What would help here is a greater appreciation for traditional Catholic philosophy. The Catholic faith has a philosophical tradition that is equal in stature to its biblical, spiritual, and dogmatic traditions. Among the truths affirmed in that tradition are that the human will is free, that the soul is immortal, that good and evil exist objectively, and that thought is a spiritual phenomenon. All of these truths are known to reason; faith is added to them. Few Catholics are aware of this tradition. Of course, those who cannot understand the arguments, as Aquinas says, can substitute faith for these truths; nonetheless, these are subjects of “scientific” demonstration, in the classical sense of science.
Also known to philosophic reason are the Divine Attributes, so brilliantly deduced by Aquinas in the first section of his Summa Theologica. The order of the universe, he says, shows us that God is the Divine Providence, for all things are directed to the good. Not all achieve the good, and death is inevitable in this world, but every living creature seeks to preserve itself in life and seeks to give birth to others of its kind. There is an order in nature through which God exercises his governance, and it should be obvious to any observer who reflects on the purposes of nature.
God is also infinite. This attribute holds a place of particular importance in any discussion of an inference to God. Aquinas calls it “a negative judgment,” the realization that God is not of this world. The word literally means “not finite.” God is not finite, not material, not created. As such, when the mind moves from the attributes of this world to the attributes of God, we must realize that God is intelligent not in the limited way that we are, but infinitely; that God is powerful not in the limited way that we are, but infinitely; and so forth. When we conclude that there is an Intelligent Designer, we are speaking about a truth that transcends scientific knowledge, at least, if the word “science” means the study of empirical objects. We make a negative judgment that both flows from and yet passes beyond what science tells us, and so arrives at the highest of all eternal and unchanging objects.
Critique of Theistic Evolution
There have been various efforts to reconcile the evolutionary theory with the Catholic faith. Given the intellectual temperament of our time, these efforts almost always make unacceptable concessions. Consider theistic evolution. This is a form of deism, and so necessarily conflicts with a proper conception of God. Under theistic evolution, God winds the universe up like a top, sets it down, and lets it go---only to wander off to look at something more interesting elsewhere. The image is one of a gigantic child who treats creation as a plaything. Supposedly, this enables us to retain the most essential elements of the evolutionary theory, though the atheists certainly object even to this modest insertion of theology. But a God who is known by reason to be the Divine Providence cannot be reconciled with a God who has lost interest in the world.
We end up with a bifurcation of reality into an objective world of scientific fact and a subjective world of religious opinion. The goal of the evolutionary theist is to make room for the possibility of a God, who can then become an object of subjective belief. But the division of the world into a realm of objectivity, which is the exclusive domain of the scientist, and a realm of subjectivity, which is the area of faith, conflicts with the Catholic philosophical tradition. The god known to the evolutionary theist is not the God of Faith and Reason, but a god who has surrendered his authority to the impersonal forces of evolution. Some say that God could exert more control, if He wanted to, but has decided against. Others say that He is simply unaware of the world in which we live. He suffers from a supreme case of Attention Deficit Disorder.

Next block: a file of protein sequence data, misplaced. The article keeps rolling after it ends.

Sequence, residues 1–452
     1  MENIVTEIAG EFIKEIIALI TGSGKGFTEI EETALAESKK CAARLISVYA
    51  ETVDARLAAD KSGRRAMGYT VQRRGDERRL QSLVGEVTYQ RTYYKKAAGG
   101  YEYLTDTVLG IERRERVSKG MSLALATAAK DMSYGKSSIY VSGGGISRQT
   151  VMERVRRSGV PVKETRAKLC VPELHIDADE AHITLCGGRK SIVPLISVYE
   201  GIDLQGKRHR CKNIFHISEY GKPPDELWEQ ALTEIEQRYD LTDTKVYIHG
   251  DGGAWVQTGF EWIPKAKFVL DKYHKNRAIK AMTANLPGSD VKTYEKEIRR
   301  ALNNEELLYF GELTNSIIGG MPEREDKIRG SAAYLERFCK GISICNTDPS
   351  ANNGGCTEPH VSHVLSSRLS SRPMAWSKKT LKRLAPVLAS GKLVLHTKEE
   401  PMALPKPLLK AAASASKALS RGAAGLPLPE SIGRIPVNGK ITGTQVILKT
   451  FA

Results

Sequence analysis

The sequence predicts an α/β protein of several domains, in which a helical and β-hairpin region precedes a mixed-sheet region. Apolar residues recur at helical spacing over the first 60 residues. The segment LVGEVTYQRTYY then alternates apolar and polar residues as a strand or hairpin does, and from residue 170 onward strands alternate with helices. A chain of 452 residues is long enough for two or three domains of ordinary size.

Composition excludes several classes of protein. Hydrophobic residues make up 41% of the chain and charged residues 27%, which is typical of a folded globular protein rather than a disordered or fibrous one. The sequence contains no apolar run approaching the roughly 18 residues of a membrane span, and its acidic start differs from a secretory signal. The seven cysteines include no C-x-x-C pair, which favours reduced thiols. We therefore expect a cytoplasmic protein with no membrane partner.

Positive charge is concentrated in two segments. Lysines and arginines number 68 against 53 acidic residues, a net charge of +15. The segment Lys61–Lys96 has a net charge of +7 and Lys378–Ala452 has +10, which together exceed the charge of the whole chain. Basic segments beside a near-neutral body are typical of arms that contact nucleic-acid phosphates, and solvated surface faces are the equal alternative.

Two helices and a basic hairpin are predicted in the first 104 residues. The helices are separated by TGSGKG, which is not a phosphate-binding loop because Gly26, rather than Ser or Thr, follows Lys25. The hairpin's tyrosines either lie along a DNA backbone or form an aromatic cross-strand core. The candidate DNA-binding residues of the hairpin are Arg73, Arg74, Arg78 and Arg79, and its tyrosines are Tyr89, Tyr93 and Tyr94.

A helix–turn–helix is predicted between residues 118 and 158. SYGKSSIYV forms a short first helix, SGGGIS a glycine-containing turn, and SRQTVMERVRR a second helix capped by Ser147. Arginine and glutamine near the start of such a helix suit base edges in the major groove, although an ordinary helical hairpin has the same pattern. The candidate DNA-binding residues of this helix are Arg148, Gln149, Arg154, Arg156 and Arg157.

Any description of God as lacking in ability, interest, power, or knowledge is in principle defective. Equally problematic is the willingness of theistic evolution to say that only scientists are qualified to make objective judgments about the world. As already noted, our faith holds that certain philosophical and theological truths are evident to reason, and these follow from observations on nature. Nature, for example, gives evidence of design. This judgment does not follow from any personal opinion or private act of faith, but from observation on the purposeful movements of plants, animals, and human beings. The defenders of theistic evolution do not agree. They hold that there is no objective evidence of design; only room for subjective belief. But our faith is not based in subjective belief---that is traditional Protestantism---but on certain preambles that are known to reason.
The effort to avoid the conflict between atheistic evolution and religious conviction through such schemes is fruitless. There is a conflict between Catholic philosophy and atheistic evolution, and it does no good to deny it. Both claim that their conclusions are grounded in an objective evaluation of the evidence given in nature. Here I agree (for once) with Richard Dawkins. Science and religion are not separate magisteria, as Stephen J. Gould has suggested, but are in a struggle over the same data of experience and how to interpret it. Both claim nature as the source of truth. Today, evolutionary theory is the principal ground of this conflict, because there is a disagreement about whether there is any design in nature.
Gould suggests that there is no need for conflict between religion and science so long as the believer admits that religious convictions have no objective basis in fact, but are instead an expression of interior hope and feeling. If our truth claims exist in different worlds, then the conflict is resolved. But Dawkins sees what is obvious: science and religion have regularly clashed over the course of history, and will continue to do so, whenever their claims about nature conflict. Science and religion find themselves in conflict today over whether nature gives evidence of design. The correct answer to that question should be obvious to any objective mind.